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Don’t Let Good Governance Become a ‘Merger’ Casualty


Thursday, 19th November 2015 at 10:20 am
Judith Fox
With the debate underway as to whether charities and Not for Profit organisations should merge, good governance must remain a priority, regardless of which way a board decision on this issue goes, writes Judith Fox from the Governance Institute of Australia.

Thursday, 19th November 2015
at 10:20 am
Judith Fox


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Don’t Let Good Governance Become a ‘Merger’ Casualty
Thursday, 19th November 2015 at 10:20 am

With the debate underway as to whether charities and Not for Profit organisations should merge, good governance must remain a priority, regardless of which way a board decision on this issue goes, writes Judith Fox from the Governance Institute of Australia.

As is the case in every organisation, the fiduciary duty of directors is to act in the best interests of the entity, but when the interests of a director are in competition with the interests of the organisation, that’s when it becomes risky governance territory.

Charities and Not for Profits are very often staffed and governed by those who act, at least in part, from a dedication to a cause, and that dedication must not cloud a director’s judgment about what constitutes the best interests of the organisation.

While the most obvious conflict of interest is financial benefit, the harder conflicts of interest to identify can be non-financial. Loyalty is a good example, where a representative director owing a primary duty elsewhere may have difficulty in acting in the best interests of the charity if they think it is detrimental to the interests of the body they represent.

Many funders, statutory authorities and charities nominate members of staff or other representatives to sit on the board of a charity. Funds want to monitor the expenditure of a grant or contract and identify future need and gain insight into community needs. When members are nominated to a Board, it facilitates a useful flow of information between the board and the membership. But such directors may feel a stronger loyalty to their nominating body or constituency than to the charity of which they are a Board member.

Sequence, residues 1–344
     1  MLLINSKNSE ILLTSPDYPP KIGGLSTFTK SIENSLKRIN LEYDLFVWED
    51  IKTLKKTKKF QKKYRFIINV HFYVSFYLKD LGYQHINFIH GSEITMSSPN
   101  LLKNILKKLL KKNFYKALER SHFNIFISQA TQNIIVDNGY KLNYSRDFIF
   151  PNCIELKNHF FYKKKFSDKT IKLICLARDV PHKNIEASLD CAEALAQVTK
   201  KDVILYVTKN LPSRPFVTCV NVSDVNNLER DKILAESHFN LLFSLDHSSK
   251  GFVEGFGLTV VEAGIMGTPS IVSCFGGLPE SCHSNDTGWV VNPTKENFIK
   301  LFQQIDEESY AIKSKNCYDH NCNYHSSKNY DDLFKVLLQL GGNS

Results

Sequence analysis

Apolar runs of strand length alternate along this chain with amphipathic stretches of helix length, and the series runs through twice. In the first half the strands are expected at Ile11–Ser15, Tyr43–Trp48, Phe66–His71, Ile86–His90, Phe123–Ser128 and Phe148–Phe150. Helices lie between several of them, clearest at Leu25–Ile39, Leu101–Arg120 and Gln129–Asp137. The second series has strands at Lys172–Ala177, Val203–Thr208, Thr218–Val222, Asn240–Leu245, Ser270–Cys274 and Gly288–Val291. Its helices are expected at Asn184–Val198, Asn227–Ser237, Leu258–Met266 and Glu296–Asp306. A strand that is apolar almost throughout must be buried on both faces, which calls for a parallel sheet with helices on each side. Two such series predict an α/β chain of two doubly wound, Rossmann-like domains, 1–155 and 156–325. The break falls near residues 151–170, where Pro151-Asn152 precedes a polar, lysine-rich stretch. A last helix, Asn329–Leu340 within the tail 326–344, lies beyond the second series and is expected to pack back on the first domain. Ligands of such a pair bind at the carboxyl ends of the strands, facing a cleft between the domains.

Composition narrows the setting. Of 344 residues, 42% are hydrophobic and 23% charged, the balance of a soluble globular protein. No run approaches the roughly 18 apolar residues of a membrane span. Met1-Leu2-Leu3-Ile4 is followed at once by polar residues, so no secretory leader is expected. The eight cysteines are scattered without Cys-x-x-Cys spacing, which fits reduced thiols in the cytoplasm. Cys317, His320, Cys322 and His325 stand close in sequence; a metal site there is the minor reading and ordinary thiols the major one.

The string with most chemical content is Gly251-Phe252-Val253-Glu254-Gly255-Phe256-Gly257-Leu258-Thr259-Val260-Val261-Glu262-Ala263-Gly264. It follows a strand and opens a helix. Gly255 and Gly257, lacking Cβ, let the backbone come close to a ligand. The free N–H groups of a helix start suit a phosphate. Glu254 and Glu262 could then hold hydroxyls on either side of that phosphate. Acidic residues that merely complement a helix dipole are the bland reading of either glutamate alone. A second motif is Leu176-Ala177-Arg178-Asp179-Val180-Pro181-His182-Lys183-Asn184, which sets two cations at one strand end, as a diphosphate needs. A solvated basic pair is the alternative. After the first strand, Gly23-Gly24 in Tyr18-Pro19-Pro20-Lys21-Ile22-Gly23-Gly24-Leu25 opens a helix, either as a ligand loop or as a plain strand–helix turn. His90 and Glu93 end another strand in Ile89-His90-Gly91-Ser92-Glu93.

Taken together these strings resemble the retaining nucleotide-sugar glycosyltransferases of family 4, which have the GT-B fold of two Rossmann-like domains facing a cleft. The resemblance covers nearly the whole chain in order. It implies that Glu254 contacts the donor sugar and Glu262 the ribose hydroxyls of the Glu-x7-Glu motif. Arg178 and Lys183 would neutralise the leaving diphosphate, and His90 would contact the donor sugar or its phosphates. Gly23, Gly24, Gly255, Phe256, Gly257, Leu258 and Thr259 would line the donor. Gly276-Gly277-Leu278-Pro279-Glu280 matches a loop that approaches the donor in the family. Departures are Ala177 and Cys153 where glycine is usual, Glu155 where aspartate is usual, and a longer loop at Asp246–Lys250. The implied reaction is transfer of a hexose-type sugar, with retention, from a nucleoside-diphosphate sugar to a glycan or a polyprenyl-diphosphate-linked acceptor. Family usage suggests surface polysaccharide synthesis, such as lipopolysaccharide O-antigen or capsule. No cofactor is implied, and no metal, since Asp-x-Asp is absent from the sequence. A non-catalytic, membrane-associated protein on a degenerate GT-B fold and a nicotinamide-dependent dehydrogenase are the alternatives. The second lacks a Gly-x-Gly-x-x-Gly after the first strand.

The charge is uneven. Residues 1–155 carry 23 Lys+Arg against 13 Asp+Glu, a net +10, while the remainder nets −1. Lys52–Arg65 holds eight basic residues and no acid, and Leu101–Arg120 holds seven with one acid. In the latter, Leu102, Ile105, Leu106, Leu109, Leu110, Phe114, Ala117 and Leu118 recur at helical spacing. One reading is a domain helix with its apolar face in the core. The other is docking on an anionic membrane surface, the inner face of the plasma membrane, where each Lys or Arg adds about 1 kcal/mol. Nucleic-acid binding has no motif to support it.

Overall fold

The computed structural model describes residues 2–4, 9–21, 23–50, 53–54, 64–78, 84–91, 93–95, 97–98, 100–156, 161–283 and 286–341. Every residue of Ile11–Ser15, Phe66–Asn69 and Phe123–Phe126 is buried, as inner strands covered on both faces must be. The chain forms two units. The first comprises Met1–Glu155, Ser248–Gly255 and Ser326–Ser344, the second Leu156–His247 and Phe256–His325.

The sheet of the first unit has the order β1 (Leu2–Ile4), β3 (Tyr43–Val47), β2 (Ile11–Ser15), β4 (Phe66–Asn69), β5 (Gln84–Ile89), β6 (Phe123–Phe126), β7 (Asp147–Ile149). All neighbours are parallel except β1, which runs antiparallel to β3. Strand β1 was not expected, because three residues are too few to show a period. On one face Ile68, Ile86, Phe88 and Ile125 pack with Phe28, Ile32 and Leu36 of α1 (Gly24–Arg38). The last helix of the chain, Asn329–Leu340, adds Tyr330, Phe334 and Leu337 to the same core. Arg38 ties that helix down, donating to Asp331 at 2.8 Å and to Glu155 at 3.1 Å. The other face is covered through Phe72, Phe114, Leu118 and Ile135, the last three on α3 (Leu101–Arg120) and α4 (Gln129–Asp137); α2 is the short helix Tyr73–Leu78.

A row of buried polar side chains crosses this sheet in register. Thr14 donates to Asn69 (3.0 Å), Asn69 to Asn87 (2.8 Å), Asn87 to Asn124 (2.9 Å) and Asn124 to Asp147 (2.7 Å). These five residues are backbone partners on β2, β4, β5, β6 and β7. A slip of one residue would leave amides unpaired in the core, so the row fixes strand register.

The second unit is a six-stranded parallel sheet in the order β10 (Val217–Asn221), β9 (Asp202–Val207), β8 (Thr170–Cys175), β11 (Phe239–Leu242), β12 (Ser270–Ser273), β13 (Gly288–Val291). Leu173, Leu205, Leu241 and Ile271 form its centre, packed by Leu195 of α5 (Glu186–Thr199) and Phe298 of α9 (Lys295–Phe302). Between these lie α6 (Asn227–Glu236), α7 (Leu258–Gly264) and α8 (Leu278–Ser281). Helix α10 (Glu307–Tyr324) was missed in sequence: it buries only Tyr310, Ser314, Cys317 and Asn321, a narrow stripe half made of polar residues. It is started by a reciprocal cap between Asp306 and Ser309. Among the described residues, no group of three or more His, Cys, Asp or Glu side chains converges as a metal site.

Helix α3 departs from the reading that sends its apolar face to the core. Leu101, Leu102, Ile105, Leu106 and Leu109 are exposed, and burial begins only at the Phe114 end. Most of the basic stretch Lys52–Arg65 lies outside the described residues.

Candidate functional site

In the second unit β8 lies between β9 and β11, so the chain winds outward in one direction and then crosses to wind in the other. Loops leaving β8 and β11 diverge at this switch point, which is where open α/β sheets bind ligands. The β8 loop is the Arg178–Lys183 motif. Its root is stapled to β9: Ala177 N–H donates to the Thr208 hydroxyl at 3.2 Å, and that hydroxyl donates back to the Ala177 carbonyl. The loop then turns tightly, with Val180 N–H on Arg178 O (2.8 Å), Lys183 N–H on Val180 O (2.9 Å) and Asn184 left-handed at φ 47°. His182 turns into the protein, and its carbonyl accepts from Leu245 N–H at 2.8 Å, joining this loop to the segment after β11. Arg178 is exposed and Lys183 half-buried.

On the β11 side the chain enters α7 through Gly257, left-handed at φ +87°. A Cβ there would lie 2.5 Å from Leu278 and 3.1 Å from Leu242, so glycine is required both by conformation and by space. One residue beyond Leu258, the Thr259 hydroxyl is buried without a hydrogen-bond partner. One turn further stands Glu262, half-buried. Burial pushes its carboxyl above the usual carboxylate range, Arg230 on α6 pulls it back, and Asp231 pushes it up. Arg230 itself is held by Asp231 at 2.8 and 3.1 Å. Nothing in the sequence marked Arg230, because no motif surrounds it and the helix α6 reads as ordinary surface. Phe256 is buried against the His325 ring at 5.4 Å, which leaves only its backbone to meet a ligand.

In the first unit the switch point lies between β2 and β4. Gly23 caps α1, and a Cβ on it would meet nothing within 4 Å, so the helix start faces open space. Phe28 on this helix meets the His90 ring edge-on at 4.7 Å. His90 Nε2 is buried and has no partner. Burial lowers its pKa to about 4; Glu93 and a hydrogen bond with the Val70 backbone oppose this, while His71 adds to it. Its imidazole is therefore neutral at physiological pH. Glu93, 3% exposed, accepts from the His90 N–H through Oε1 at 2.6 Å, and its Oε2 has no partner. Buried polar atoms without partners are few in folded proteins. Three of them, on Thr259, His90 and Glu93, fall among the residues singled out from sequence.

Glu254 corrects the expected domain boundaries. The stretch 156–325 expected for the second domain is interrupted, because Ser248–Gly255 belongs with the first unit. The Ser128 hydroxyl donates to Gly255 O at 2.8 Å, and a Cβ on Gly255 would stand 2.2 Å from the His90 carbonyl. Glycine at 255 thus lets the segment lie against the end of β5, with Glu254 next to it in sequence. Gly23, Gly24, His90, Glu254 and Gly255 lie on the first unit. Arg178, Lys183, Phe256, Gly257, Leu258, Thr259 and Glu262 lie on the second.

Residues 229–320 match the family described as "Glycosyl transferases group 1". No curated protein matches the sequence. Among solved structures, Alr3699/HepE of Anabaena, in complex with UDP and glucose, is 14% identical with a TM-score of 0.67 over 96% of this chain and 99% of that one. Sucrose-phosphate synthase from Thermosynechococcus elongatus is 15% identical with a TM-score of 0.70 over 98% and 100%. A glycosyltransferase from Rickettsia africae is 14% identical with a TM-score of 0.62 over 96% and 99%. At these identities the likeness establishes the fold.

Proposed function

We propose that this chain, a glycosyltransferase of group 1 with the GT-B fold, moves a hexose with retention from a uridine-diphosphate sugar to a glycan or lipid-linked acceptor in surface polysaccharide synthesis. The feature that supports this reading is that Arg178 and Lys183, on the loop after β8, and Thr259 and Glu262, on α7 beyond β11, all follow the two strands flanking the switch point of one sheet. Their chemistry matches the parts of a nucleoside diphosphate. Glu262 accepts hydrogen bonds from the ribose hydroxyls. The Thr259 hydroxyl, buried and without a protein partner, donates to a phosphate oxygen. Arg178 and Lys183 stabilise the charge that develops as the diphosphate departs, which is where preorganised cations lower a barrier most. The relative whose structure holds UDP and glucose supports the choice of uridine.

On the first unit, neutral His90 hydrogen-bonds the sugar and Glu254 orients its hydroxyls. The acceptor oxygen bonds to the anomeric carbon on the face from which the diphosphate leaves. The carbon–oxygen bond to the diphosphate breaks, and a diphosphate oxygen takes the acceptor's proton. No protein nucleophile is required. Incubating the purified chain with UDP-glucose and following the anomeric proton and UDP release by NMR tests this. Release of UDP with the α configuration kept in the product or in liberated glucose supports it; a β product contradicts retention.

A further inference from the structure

Equally, conflicts of loyalty can arise because of the dedication to a cause. For example, a director may have joined the Board because they have a disabled child and are passionate about ensuring they receive services, but it may be that it is in the best interests of the charity to no longer provide a particular service. The decision will affect that director’s child. Their natural loyalty to their child will be in conflict with their fiduciary duty to the charity.

Mergers are a key area where conflicts of interest can arise. Directors may find it difficult to work towards a merger, even though it is in the best interests of the organisation, because of a range of conflicts. For example, they may have been a founding member of the NFP which was set up to facilitate the education of a particular membership, and they don’t want to see that membership join with another. Worse, they may be worried they will lose a Board seat  –  that is self-interest trumping the best interests of the organisation. Or a director’s loyalty to a spouse or child who may be employed by the charity or NFP and may lose a job if the merger proceeds can come into the spotlight. Or it could be as simple as a director who set up a charity because they lost a loved person to cancer, and the idea of merging with another cancer charity which will result in the loss of their loved one’s name as the charity’s identity feels like a second loss.

Where a director is known to have an interest in a decision, the remaining directors may make a decision in the best interests of their fellow director regardless of whether it is in the best interests of the NFP or charity or, conversely, vote against it, even though it may be the best course of action for the organisation.

Instilling good governance can be challenging in such circumstances. But the cost of not managing these conflicts are far-reaching. They can damage effective decision making, undermine the functioning of the governing body or the organisation itself, breach legal requirements, attract adverse publicity and damage the work and reputation of the charity, and see decisions legally challenged.

Irrespective of the outcome of merger discussions, the one thing all directors should be united on if a merger seems on the cards is that good governance in the sector must remain a priority.

About the author: Judith Fox is National Director Policy and Publishing at the Governance Institute of Australia, and a vocal advocate for good governance in the Not for Profit sector. She has held this position since 2003. Fox was selected as one of the 2014 100 Women of Influence for her contribution to public policy in governance.


Judith Fox  |   |  @ProBonoNews

Judith Fox is National Director Policy and Publishing at the Governance Institute of Australia

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